As gardeners we spend a lot of time tricking plants into growing leaves when they might prefer going to seed. Summer lettuce is a great example of such gardening guile.
Lettuce likes the mild temperatures of late spring and early fall. The heat of summer affects the germination rate, how quickly it bolts, and flavor. Here are some tips:
-Deep red lettuces are generally more bitter, so choose green varieties for summer growing if that bothers you.
-Stick to loose leaf varieties designed for cut-and-come-again harvesting. Cutting the whole plant above the growth point will keep the plant producing more leaves instead of going to seed. Try mixing Green Oakleaf, Bronze Mignonette, and Tango for salads.
-If you really want to grow heads of lettuce and you’re up for the challenge, choose heat tolerant varieties like Jericho or Buttercrunch. They germinate better and are less likely to bolt during the time it takes to head up.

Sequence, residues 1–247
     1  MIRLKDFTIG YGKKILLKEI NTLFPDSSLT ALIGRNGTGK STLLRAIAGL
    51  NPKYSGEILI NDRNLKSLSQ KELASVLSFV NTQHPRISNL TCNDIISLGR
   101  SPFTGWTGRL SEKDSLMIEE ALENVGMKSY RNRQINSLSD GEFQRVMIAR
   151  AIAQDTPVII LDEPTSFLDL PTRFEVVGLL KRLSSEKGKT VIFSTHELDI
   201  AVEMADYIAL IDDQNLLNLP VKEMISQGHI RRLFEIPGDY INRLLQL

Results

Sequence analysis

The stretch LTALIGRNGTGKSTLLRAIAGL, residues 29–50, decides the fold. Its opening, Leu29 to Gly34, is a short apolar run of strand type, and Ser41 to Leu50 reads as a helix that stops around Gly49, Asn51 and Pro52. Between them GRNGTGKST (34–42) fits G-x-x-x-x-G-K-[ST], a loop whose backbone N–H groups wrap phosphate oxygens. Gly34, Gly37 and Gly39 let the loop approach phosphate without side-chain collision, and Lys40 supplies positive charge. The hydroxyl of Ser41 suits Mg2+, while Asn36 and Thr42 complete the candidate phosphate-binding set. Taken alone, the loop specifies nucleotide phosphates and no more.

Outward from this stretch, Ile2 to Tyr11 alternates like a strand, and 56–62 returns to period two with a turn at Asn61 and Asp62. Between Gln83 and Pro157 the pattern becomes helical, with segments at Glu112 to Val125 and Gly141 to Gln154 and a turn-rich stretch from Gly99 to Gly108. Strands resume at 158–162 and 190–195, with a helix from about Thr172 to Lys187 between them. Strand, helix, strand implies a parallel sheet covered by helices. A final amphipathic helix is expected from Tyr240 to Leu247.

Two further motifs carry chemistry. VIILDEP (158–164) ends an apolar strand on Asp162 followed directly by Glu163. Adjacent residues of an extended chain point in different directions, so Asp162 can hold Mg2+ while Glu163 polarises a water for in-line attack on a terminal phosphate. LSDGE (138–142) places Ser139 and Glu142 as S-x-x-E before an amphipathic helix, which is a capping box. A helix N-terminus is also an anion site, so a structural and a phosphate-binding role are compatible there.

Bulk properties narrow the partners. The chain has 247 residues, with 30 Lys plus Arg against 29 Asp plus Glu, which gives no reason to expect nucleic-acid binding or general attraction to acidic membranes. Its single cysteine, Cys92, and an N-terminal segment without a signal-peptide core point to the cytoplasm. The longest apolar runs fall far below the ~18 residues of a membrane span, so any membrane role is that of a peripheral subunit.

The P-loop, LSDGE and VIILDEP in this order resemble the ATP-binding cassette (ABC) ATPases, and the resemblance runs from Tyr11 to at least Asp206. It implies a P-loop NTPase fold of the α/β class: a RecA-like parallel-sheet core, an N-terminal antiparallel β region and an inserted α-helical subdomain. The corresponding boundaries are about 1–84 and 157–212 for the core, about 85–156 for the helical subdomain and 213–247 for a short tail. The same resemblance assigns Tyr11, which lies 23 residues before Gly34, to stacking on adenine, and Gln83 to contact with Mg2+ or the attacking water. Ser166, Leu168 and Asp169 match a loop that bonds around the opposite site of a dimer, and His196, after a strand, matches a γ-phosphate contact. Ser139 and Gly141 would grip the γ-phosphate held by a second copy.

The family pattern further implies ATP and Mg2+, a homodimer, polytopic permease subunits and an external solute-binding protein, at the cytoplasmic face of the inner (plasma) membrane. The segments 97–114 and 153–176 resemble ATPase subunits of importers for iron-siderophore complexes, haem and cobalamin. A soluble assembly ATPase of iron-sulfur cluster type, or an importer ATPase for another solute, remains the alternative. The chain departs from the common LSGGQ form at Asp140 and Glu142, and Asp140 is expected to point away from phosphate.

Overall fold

-Strike a fine balance between air flow, shade, and humidity. Provide some shade for the plants, like shade cloth, row cover, or other (taller) plants. Careful watering will keep the plants cool, but too little air flow and they might rot.
-At lastly, harvest your lettuce in the cool mornings when the plants are happiest!